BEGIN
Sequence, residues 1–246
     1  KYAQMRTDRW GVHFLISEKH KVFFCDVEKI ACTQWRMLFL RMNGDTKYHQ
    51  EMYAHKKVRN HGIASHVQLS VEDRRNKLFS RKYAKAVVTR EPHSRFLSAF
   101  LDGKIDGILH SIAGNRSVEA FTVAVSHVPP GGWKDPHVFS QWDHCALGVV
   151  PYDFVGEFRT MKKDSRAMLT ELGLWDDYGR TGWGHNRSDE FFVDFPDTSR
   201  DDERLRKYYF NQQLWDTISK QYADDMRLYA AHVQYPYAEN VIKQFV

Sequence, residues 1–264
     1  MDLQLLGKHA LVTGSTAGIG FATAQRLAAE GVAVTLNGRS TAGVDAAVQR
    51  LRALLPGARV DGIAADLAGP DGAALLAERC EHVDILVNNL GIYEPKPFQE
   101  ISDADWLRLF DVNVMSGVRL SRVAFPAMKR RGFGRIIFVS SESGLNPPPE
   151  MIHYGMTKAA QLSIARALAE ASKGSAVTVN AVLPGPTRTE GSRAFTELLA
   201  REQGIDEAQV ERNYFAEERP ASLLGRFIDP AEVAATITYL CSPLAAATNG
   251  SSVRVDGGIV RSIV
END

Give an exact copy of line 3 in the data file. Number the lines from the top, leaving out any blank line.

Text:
    51  EMYAHKKVRN HGIASHVQLS VEDRRNKLFS RKYAKAVVTR EPHSRFLSAF